A Playground For All

Indiana’s first boundless playground opened in Fort Wayne recently, and everything from the play equipment to the ground itself has been designed to allow children both with disabilities and without to play together in an inclusive setting.

A dinosaur play piece nestles in Playground Grass.

The playground, called “Taylor’s Dream,” began as an idea from a little girl named Taylor Reuille.

When 11-year-old Taylor realized that there were many kids with disabilities who couldn’t play at playgrounds in her community, she and her mother, Casey Booher, researched and found that a

boundless playground could offer play opportunities for all children, including those with physical, sensory, developmental and cognitive disabilities.

“We’ve got to do this, Mom,” Casey Booher recalls her daughter saying. “We have to.”

After years of fund-raising and hard work, the playground is now a reality, and features an accessible surface called Playground Grass.

Playground Grass by ForeverLawn is an artificial grass surfacing system designed for beauty, safety and accessibility in playground environments. The system offers a soft, grass-like surface, combined with a padded sub-surface that provides an ASTM safety rating to fall heights of 12 feet.

The texture and appearance of the grass contributes to the tactile and visual sensory perception of the children, and the even, stable surface provided by Playground Grass is ADA accessible, allowing wheelchairs, braces and other assistive equipment to access the facility easily and safely.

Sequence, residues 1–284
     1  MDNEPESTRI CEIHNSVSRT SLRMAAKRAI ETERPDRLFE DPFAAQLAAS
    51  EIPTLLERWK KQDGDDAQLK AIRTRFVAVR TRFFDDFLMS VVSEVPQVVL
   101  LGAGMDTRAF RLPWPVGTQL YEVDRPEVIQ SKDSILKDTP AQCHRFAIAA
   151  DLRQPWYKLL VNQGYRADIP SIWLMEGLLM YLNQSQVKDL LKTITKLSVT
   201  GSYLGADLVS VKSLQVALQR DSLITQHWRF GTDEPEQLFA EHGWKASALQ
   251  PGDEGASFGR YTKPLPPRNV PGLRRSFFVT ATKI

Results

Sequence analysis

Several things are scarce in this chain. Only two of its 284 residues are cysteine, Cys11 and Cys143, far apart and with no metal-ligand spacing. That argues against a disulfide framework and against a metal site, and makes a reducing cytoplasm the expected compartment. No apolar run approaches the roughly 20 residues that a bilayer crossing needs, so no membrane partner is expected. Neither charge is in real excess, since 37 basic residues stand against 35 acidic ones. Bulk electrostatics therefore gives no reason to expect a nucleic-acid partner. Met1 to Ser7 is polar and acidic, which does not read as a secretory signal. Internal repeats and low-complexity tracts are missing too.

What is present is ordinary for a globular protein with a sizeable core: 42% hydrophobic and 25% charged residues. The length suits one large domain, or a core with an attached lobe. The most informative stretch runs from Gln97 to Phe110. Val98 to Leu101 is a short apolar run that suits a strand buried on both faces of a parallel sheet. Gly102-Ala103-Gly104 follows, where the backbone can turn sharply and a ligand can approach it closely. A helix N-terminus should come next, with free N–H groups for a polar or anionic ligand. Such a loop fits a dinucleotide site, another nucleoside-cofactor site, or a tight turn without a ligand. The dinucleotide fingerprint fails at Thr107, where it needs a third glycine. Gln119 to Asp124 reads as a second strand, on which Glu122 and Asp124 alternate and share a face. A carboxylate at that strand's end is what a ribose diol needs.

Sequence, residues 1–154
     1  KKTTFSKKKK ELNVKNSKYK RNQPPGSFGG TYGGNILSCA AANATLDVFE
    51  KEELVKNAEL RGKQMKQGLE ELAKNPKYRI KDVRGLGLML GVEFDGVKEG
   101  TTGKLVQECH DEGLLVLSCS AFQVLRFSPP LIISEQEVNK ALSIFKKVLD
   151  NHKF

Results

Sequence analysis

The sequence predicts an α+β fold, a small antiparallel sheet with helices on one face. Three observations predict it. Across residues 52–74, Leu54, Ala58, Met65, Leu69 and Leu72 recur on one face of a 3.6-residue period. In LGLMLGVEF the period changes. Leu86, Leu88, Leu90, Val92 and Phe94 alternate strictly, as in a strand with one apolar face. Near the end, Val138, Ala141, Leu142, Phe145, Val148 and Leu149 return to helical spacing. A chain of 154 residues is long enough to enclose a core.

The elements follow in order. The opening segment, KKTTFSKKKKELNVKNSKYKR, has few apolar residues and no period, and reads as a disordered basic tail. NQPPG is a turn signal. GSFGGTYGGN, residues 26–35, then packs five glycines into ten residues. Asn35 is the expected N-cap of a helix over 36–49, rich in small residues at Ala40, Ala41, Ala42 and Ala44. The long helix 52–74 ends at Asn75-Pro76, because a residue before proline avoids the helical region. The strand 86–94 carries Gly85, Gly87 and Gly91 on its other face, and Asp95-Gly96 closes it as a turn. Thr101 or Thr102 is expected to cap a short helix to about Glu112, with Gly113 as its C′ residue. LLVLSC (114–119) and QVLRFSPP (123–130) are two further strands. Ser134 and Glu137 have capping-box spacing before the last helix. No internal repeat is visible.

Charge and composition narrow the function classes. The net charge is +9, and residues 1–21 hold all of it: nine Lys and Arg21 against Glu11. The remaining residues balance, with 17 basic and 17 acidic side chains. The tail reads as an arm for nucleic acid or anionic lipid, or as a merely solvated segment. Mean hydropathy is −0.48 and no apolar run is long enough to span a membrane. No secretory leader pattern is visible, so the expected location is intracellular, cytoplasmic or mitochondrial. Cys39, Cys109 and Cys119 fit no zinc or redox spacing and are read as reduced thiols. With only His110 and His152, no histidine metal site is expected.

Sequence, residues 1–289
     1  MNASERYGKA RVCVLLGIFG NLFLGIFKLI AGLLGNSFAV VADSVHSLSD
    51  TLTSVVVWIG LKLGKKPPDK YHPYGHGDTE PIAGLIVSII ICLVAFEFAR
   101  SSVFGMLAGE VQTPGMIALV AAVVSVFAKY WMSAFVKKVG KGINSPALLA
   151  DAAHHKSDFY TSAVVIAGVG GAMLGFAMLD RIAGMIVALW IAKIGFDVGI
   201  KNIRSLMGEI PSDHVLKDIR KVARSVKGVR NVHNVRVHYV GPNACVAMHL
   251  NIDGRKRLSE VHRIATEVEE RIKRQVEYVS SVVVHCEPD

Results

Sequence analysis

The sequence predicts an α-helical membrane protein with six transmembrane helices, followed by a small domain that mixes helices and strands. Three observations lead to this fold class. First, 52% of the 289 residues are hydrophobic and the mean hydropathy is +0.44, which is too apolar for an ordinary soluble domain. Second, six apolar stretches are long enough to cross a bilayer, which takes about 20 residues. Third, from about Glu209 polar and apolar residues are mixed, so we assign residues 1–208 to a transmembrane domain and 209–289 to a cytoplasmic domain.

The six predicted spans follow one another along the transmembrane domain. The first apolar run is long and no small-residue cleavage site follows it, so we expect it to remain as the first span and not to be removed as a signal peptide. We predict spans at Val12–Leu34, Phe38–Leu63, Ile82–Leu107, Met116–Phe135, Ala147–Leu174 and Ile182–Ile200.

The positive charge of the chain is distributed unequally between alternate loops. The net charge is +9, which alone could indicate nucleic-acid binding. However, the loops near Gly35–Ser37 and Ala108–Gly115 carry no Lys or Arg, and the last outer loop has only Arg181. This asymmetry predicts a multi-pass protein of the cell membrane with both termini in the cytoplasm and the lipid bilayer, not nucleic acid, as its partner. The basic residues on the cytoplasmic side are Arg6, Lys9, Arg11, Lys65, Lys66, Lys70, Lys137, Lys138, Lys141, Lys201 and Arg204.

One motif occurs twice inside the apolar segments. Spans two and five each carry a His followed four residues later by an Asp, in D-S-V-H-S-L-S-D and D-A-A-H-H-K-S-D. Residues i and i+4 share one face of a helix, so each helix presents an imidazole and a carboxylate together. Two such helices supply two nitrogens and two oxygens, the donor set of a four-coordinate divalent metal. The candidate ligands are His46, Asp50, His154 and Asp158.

When used to connect barrier-free play elements like those found at Taylor’s Dream, Playground Grass contributes to a truly boundless play experience.

Fifty-year-old Sherry Woodman had the opportunity to play on a playground for the first time in her life at the grand opening of Taylor’s Dream.

“I’m a disabled parent, and I couldn’t come when they were little and play with them anywhere on a playground because I couldn’t get through with the mulch. You know, mulch is really hard for wheelchair tires and stuff,” Woodman said.

“And so not only are kids going to be able to come here and play that have disabilities, but parents with disabilities are going to be able to come here and feel like normal parents and be able to just enjoy their kids,” she said. “I didn’t leave here till I’d been on every part of the playground; I wanted to do it all.”

The playground took four years to build. Taylor and her family personally raised $10,000 through community and school fund-raising, and the city of Fort Wayne provided $250,000 toward the playground fund.

But when Taylor discovered that the playground would cost over a million dollars to build, she “thought it would be virtually impossible,” she said.

ADA-approved Playground Grass and inclusive play pieces make Taylor's Dream a playground for all.

However, with the help of the community, the city and donations from other sources, they were able to raise the money. A large part of the funds to build the park came from a grant from the Pepsi Refresh Challenge, a competition that the park won thanks to a huge effort by Taylor’s family and the community of Fort Wayne.

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